Sixty Cartons

Recently I went to see a collection of a life long customer of my father and my grandfather. Harry had died in 2005 but before that there was rarely an auction of ours that he hadn’t attended buying many different countries, but concentrating mainly on United States, Canada and Israel. Our records, which go back over twenty years, show that in the ten years before he died he had spent over $30,000 in our auctions and he had been at least as big a buyer since the 1940’s as he had been in recent years. It was with great expectations that I arrived at his wife’s house when she called. The beginning was not auspicious. “I didn’t wait long after Harry died”, said Mrs Harry “to move his stamps. Boxed them up in cartons and moved them down the basement. Nice to have the room. Didn’t want his mess around.”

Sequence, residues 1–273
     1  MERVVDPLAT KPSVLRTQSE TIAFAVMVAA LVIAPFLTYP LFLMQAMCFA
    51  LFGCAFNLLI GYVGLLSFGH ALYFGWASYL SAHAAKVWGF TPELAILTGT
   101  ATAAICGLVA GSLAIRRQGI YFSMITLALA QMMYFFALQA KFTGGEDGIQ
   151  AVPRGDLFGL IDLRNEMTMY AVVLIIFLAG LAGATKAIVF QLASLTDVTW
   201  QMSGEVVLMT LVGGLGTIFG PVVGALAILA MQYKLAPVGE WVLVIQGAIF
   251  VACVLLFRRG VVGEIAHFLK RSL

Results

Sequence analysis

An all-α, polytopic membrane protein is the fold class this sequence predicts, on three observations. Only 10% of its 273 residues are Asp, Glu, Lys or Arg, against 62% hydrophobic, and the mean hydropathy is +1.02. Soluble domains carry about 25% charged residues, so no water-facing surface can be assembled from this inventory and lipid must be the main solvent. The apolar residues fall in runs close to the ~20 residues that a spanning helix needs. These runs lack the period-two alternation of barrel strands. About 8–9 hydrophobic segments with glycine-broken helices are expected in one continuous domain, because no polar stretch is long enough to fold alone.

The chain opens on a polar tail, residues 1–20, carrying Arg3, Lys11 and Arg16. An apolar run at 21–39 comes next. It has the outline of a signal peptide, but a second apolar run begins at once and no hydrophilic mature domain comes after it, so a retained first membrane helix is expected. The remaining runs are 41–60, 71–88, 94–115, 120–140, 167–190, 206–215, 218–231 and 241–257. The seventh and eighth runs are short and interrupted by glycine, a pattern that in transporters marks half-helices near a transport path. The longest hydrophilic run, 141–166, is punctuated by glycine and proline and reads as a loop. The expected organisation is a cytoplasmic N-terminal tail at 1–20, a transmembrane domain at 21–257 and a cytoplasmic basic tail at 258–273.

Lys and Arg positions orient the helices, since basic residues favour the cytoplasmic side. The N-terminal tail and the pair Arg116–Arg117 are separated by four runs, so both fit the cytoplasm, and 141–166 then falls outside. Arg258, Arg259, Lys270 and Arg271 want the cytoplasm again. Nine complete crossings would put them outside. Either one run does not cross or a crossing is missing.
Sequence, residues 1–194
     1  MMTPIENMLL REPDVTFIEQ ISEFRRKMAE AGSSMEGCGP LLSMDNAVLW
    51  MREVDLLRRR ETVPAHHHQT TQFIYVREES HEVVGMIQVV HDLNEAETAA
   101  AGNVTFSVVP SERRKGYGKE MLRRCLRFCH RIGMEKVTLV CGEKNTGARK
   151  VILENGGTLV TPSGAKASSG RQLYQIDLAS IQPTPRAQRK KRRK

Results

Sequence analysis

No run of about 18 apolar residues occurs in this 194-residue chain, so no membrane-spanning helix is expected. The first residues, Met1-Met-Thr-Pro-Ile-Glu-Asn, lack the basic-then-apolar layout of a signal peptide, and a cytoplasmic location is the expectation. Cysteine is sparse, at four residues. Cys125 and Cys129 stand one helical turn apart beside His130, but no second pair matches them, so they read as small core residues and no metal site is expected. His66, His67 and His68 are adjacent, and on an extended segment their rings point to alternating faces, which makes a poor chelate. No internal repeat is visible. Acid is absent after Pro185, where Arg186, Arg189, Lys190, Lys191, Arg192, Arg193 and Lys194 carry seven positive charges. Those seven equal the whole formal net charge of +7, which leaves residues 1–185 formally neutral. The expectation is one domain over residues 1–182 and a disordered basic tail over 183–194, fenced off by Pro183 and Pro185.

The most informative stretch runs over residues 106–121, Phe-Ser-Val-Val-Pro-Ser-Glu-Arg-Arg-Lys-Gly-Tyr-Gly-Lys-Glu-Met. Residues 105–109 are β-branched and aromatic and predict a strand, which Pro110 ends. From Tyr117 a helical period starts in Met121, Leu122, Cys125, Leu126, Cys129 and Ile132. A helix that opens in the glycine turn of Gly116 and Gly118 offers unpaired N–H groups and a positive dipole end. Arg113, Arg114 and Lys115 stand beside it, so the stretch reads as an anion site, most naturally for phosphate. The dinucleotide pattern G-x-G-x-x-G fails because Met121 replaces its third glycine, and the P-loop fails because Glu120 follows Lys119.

Down the basement we went and lined on the floor, stacked four high were 60 large book cartons. The basement was damp. I was scared. The first carton I opened was from the top of the stack and was pretty bad, mildew on the albums, ruining them, and all of the mint stamps either stuck together or to the albums that they were in. The cartons lower on the stack, closer to the floor, were worse. People worry about fire and flood when it comes to their personal property, but with philatelic material the enemy that damages most stamps is damp. Its insidious, works slowly over time, sticking mint stamps together and usually staining them as bacteria feeds on the paper in damp environments producing “foxing” which is nearly impossible to remove. Mrs Harry hadn’t completely ruined all of her philatelic inheritance. But she had diminished it to where what should have been worth several hundred thousand dollars was now worth less than twenty.

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